'When I walked into King's, I instantly thought "this is where I want to be"'Shaimerden Abekov

“Hi, my name is Shaimerden Almazbekovich Abekov and I am a refugee. My father is in prison for a crime he did not commit. My family was persecuted and had to leave everything we had behind. I moved to the UK at the age of 12 without being able to speak fluent English. We lived on benefits for several years. I am now studying Engineering at the University of Cambridge.”

This is never how I introduce myself.

I figured out early on that talking about my past is a conversation killer. If I wanted all the fun and jokes in the room to end and for everyone to start feeling sorry for me, I’d drop the refugee bomb. But I never did. I don’t talk about it much during first encounters. When I’m asked about it, I always try to miss out as many details as I can so that the other person has fewer opportunities to grab onto something I say and pry further. When it comes to answering questions like ‘where are you from?’, ‘what do your parents do?’, or ‘why did you come to the UK?’, a first conversation goes something like this:

“Hi, my name is Sham, I’m from Barnsley. My father is a radio engineer. My family moved to the UK for…work… when I was 12. I am now studying Engineering at the University of Cambridge.”

"Understanding racial insults was easy."

Answering these questions is straightforward for a lot of people; it is something I always dread. I don’t want to lie, but at the same time I really don’t want to answer them completely truthfully. That would only lead to more questions, dragging us down the rabbit hole of my past, and I don’t want that. I’m sure the person I’ve just met doesn’t want that. I’m sure you don’t either.

That’s why this article isn’t about why I came to the UK. This article is about Cambridge. This article is about people like me.

I remember the first time I came to Cambridge. Through my Sixth Form, I found out about the Cambridge Shadowing Scheme, where Year 12 students get to stay at Cambridge, go to subject lectures and social events, and experience the student life. For free. For three days. That sounded too good to be true. I managed to get a place on the scheme and, on 26 January 2017, I arrived in Cambridge! I sent a picture of Peterhouse, where I was staying, on my family group chat and immediately got a call from my cousin halfway across the globe.

“Did you get into Cambridge?!” he asked excitedly.

“No, no, I’m just staying here for 3 days”, I replied.

“No way, that’s so huge! You’re in CAMBRIDGE!” he said

Other family members also expressed how amazing it was that I was there in the mythical Cambridge we’d heard so much about. I hadn’t even gotten into Cambridge yet – I was just a glorified tourist – but the mere fact that I was there made my family and I so happy and excited.

Cambridge was something my mother used to joke about after we came to the UK: “If you study hard at school, you will go to a good university. Since we’re in the UK, maybe even Oxford or Cambridge.” I would laugh at the mention of ‘Oxford or Cambridge’. Yeah, right, like I was ever going there!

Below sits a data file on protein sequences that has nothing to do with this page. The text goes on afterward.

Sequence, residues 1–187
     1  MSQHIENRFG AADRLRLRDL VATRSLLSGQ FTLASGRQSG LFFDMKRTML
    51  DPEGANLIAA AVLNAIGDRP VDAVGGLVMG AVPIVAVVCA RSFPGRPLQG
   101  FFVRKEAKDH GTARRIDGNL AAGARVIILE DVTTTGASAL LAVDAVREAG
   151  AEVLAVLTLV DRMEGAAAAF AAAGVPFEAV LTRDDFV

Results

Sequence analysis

The photo Shaimerden sent to his family the first time he stayed in CambridgeShaimerden Abekov

The school I went to didn’t even want to take me in at first. Maybe all they saw was some immigrant kid who couldn’t speak fluent English. Maybe they thought that trying to teach me anything would be too much of a hassle. Maybe they thought that since I was an immigrant, I was uneducated and didn’t know anything. Until the end of high school, all my predicted grades were Fs because I never took the SATs, and my lack of English fluency made talking to other kids difficult. Understanding jokes was hard.

Understanding racial insults was easy.

"If you think that Cambridge can’t be for someone like you, know that it can be"

Being on free school meals really helped my family financially; the UK’s benefits system helped even more. I always wanted to go on cool school trips, have the latest gaming console and mobile phone, like the others, but then seeing the price tag brought me back to reality. What I really wanted was to have my whole family living with me. Hell, I wanted them to at least live in the same country so that I wouldn’t have to grow up just occasionally seeing my relatives on a computer screen. I wanted to go home. I wanted to see my dad.

What I didn’t realise I wanted was getting into Cambridge. I didn’t think I even had a slight chance. Yet here I am.

If any part of this article resonates with you, if you have shared any of my experiences, if you think that Cambridge can’t be for someone like you, know that it can be. It’s not just a passing joke or a silly dream. It happened for me.

If my example alone isn’t enough, know that I’m not the only one. In October 2019, there were 10 students with UK refugee status studying at Cambridge, and several more from outside the UK. I know it’s a very small number, but if we made it, you can too.


Mountain View

These students are promoting access to higher education for all